How To Research Prospective Employers

How To Research Prospective Employers

Accepting a job offer is a big deal. If you accept a job with a bad employer, you could end up miserable or quit after only a few weeks. To avoid making any mistakes, you should research prospective employers before you accept a job offer. Doing so also allows you to be more prepared for your interview. Follow the tips below to vet your employer before you move forward.

Getting Started

There are several resources available to those who want to learn more about an employer. For instance, you can use industry journals and the public library to gather facts. If you'd rather stay home, use the internet to read what the SEC and others have to say about the company. Social media can also be an invaluable resource. By reading customer reviews or finding previous employees, you can gain insight into the company.

As you research the company, take notes. You'll come across a lot of things, and you might forget some of the information. For your own benefit, take notes and stay organized. You may even want to print out things like press releases and blog posts.

If you know someone who once worked for the company, reach out to them. The best way to learn about a company is to speak with a current or former employee. You should gather as much information as possible from them and ask questions. Were they happy with the company culture? Did they like their boss?

What to Look For

As you research a company, there are a few key details you should look for. First, try to define the company culture. Work atmosphere matters! If you want to be happy in the workplace, you need to work for a company that has your desired atmosphere. So, look for clues that tell you about the environment inside the office and consider how it would impact you.

Today, most start-up companies are more relaxed and informal than big corporations. However, this isn't always the case. You shouldn't just assume that a start-up has a casual dress code or that a major corporation will be too stuffy for you. Check out the company's website and discover more about what a day in the office is like.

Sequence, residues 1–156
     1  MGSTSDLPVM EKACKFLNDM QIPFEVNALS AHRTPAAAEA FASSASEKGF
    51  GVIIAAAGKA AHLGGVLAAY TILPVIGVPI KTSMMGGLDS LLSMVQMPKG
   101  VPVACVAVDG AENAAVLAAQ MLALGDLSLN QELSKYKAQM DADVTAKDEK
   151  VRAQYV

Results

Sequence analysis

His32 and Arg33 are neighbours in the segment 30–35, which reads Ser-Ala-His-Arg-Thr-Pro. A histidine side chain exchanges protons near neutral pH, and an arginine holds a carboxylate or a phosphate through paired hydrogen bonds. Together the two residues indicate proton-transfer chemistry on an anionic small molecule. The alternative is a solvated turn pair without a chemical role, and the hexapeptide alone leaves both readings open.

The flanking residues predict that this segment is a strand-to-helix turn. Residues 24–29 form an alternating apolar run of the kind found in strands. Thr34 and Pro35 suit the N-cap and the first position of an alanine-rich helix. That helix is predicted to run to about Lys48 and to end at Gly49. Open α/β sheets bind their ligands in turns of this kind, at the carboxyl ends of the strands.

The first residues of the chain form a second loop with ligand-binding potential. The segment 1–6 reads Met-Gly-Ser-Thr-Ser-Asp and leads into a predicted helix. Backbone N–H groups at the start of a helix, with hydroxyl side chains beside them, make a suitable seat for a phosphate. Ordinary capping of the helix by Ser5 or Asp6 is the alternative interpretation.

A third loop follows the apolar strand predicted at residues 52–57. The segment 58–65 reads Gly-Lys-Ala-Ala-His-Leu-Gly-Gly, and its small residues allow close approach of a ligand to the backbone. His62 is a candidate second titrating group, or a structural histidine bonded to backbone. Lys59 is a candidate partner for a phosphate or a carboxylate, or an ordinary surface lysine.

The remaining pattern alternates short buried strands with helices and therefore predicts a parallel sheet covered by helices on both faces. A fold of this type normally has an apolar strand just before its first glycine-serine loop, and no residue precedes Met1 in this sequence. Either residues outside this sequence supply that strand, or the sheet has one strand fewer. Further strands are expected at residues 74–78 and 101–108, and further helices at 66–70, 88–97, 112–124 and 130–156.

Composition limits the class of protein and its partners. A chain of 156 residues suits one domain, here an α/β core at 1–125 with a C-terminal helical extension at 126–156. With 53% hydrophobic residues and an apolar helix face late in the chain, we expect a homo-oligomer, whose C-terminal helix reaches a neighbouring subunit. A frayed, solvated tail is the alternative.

Details like the dress code, overtime policy, and company events give you an in-depth look at a company. If you can't find any information online, ask your contact with the company or ask during the interview.

Financial Health

You could have the best job in the world, but it won't do you any good if the company doesn't remain in business. Before you accept a job with anyone. Look into the company's financial situation. Most companies don't make it a point to bring up their shortcomings, but the information is available. As you research the business, look for tax and financing information online. At the very least, you should see an annual SEC report.

Online news outlets also reveal information about a company's financial outlook. Because these articles come from a third party, they tend to be more accurate than what you find on the company website. Just make sure your resources aren't biased and that they cite their resources.

The Competitors

Another way to broaden your knowledge is to research the company's biggest competition. What is the company doing differently or better than the competition? You should know the names of the top competitors and be aware of their accomplishments.

As you look into the competition, make a list of how your prospective company differs. Are they smaller than the competition? More cut-throat? While you learn about the differences, you might find that there are a few things you like better about the company. Pay attention to ethics, atmosphere, and management practices. During your interview, bring up some of the things that you like about the company. They'll appreciate your effort and input.

Employee Satisfaction

If most of the employees in an office are unhappy, you'll probably be unhappy as well. Therefore, you should take some time to read employee reviews. This is easier said than done, though. Not all employee reviews are accurate because you might come across a disgruntled employee.

As you read through reviews, consider whether or not the review is truthful. Does it sound like the experience was exaggerated? Or does it sound too good to be true? Instead of looking at only one or two reviews, read as many as you can. Look for trends in those reviews rather than a few outlying reviews. As with any type of review, an employer review is an opinion.

Why It Even Matters

Do you really need to spend time researching an employer? In short, the answer is yes. Getting a new job isn't easy, even in today's market. If you want to ace an interview or make a good impression on an interviewer, you need to research the company. The employer will expect it from you, and your knowledge could earn you some bonus points.

Sometimes, an employer wants to test your knowledge. Make sure you're ready to answer questions about the company. If you bring in a notepad with you to the interview, you can even use that as a cheat sheet. Just don't rely too heavily on your notes and try to maintain eye contact with the employer.

Another benefit to doing your research is making the best decision for you. If you fail to research a company before you get a job offer, you could make a poor decision. You might hate the company or the boss. Although you can learn about a company the hard way, you make life much easier on yourself by knowing if the company is right for you. In the end, your research could save you from working for a bad company.

Finding a new job may not be easy, but it's possible. The next time you apply for a job, take a few minutes to research the company, and you might find that it makes all the difference.

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